Hard work about to pay off as ‘Wiz’ prepares to open
by Hawkins Teague
Jul 11, 2007 | 0 0 comments | 7 7 recommendations | email to a friend | print
After almost two months of steadfast preparation, “The Wiz” will debut at the Trigg County High School Little Theater at seven o’clock Friday night.

“The Wiz,” which premiered on Broadway in 1975, was a retelling of the classic children’s book, “The Wonderful Wizard of Oz,” by L. Frank Baum and featured an all African-American cast. Of course, most people are most familiar with the 1939 film starring Judy Garland. “The Wiz” essentially tells the same story, but with songs in the style of soul music. Trigg County’s multi-racial cast auditioned in May and have been singing and dancing their way to Oz ever since.

Being a fantasy with so many treasured characters, the costumes are certainly a key part of the show’s appeal. Although this production’s costumes weren’t exactly easy to come up with, director Portia Ezell had the good fortune of having directed the show about 10 years ago when she taught at Hopkinsville High School. Most of the costumes she had used back then were still in storage, so Ezell went to the school and searched through the costume closet. Although some costumes had to be altered for the new actors, Ezell was particularly relieved to find that the Tin Man costume fit Thomas Broadbent, the actor laying the character in the new production, just fine. She was glad she didn’t have to struggle with making another similar costume with silver material and plastic pockets.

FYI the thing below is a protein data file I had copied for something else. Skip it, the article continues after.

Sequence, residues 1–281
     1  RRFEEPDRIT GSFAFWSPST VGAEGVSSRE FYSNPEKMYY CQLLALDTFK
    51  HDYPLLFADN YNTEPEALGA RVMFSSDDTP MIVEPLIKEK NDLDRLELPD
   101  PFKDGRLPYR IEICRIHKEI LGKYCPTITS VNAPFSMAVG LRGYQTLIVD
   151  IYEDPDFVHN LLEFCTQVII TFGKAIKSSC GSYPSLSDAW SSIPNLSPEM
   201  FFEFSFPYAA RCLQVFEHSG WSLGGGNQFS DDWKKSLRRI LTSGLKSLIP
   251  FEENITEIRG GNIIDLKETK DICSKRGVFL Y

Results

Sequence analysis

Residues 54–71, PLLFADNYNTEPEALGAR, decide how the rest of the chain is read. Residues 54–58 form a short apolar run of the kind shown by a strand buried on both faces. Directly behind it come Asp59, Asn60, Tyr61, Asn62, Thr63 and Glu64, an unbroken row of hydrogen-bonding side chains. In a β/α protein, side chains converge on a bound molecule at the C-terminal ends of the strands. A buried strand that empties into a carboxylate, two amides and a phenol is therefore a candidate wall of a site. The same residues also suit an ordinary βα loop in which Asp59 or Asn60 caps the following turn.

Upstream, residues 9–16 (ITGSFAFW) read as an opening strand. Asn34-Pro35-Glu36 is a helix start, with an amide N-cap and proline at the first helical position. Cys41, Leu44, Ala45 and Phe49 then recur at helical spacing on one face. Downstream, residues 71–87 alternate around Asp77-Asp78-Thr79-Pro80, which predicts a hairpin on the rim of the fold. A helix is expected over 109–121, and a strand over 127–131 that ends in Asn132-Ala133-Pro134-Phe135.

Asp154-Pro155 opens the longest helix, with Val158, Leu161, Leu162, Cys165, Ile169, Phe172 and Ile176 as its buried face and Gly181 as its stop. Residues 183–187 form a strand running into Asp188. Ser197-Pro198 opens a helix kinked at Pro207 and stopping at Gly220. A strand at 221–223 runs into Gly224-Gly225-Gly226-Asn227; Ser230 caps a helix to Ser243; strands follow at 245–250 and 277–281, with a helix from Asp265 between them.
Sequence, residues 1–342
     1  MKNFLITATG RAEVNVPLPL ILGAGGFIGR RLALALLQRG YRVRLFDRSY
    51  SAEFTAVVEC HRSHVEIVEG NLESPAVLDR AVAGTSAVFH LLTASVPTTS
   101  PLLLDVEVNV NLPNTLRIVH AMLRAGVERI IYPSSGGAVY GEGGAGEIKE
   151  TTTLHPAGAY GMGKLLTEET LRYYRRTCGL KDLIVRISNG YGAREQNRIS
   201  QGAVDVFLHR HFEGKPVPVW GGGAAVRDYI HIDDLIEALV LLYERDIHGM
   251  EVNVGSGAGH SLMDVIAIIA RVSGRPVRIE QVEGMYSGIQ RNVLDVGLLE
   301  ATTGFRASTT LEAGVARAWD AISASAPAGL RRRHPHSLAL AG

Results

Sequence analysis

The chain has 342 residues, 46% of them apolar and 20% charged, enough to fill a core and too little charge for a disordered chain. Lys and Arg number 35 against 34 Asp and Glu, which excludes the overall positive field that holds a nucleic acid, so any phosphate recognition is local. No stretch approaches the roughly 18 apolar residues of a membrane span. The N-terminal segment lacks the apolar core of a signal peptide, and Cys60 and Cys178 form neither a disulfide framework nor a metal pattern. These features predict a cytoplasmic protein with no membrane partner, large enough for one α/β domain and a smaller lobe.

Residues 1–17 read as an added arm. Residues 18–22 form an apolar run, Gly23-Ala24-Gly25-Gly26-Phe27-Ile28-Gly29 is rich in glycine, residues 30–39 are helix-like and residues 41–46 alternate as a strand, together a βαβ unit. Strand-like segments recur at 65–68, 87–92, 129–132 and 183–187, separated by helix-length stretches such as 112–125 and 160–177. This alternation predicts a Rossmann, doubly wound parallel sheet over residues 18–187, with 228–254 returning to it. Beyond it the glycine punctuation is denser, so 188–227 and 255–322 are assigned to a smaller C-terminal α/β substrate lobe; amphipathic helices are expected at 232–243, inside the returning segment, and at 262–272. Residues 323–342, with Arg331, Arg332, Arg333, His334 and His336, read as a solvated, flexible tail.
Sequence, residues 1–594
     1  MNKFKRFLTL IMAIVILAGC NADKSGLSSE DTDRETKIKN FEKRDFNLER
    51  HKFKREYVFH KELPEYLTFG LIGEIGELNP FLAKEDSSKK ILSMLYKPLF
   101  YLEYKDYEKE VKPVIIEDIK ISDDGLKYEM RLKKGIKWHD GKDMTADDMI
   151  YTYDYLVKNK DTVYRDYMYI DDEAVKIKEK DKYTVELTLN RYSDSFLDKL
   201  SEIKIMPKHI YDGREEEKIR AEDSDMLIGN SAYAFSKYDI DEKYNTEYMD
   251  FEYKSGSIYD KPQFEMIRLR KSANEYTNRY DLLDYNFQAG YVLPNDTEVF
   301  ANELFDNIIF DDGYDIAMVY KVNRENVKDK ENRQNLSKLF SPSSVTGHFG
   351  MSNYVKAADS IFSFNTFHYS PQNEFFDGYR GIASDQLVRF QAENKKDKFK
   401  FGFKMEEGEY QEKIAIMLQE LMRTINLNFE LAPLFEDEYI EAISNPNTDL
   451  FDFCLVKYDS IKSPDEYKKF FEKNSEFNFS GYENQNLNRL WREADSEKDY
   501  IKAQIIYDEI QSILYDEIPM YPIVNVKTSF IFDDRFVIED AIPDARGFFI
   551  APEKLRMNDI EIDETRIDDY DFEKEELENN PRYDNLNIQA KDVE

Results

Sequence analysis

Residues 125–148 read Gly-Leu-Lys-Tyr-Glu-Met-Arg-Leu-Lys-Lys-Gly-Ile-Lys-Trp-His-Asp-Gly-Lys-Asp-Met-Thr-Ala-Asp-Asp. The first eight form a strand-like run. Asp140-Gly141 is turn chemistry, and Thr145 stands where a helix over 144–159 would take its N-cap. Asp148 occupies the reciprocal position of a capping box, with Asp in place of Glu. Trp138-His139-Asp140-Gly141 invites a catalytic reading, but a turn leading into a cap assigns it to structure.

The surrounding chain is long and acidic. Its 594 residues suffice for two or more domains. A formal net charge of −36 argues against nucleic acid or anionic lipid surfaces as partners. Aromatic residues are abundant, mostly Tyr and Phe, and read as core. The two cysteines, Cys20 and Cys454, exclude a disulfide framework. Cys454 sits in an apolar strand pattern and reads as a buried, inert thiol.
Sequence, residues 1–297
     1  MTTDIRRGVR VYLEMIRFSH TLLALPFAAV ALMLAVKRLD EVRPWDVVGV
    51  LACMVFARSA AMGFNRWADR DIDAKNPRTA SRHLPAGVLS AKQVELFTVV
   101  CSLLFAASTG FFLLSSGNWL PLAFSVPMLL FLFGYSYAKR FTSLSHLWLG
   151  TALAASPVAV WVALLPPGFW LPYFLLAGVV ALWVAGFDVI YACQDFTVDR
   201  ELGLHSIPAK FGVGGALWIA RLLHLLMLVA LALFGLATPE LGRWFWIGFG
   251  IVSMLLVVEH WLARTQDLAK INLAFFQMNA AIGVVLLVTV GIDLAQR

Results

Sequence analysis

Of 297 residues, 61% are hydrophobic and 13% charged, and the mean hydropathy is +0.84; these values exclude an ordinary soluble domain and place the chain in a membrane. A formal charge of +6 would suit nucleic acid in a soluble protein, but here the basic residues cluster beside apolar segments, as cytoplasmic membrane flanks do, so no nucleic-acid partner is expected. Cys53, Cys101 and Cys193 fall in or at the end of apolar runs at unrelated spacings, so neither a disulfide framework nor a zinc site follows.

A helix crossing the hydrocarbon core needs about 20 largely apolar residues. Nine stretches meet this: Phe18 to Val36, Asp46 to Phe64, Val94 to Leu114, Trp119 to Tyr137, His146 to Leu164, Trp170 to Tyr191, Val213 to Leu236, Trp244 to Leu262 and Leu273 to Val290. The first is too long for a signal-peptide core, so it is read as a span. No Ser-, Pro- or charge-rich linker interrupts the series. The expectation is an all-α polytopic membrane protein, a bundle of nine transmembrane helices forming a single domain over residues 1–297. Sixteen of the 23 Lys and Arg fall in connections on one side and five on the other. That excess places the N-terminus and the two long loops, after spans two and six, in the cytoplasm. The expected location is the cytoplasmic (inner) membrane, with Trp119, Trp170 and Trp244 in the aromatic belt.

“The Tin Man was the hardest to make,” she said. “You had to make it look rigid, but it still had to be flexible.”

Even with the old costumes from the school and a few borrowed from other sources, Ezell still needed plenty of help to make enough for the actors in the show. There are 63 costumes in all, she said.

Gail Brazle said she actually helped sew for the sets in the show more than the costumes. She said that many of the sets that Paul Fourshee designed for the show featured different kinds of fabric, including all the backdrops. As far as the costumes themselves go, Brazle said she spent most of her time altering and repairing old costumes. Others who helped included Karen McKee, Jean Martin, Carol Halfast, Kim Roeder and Debbie Clark.

For the rest of this story, read this week's Cadiz Record.
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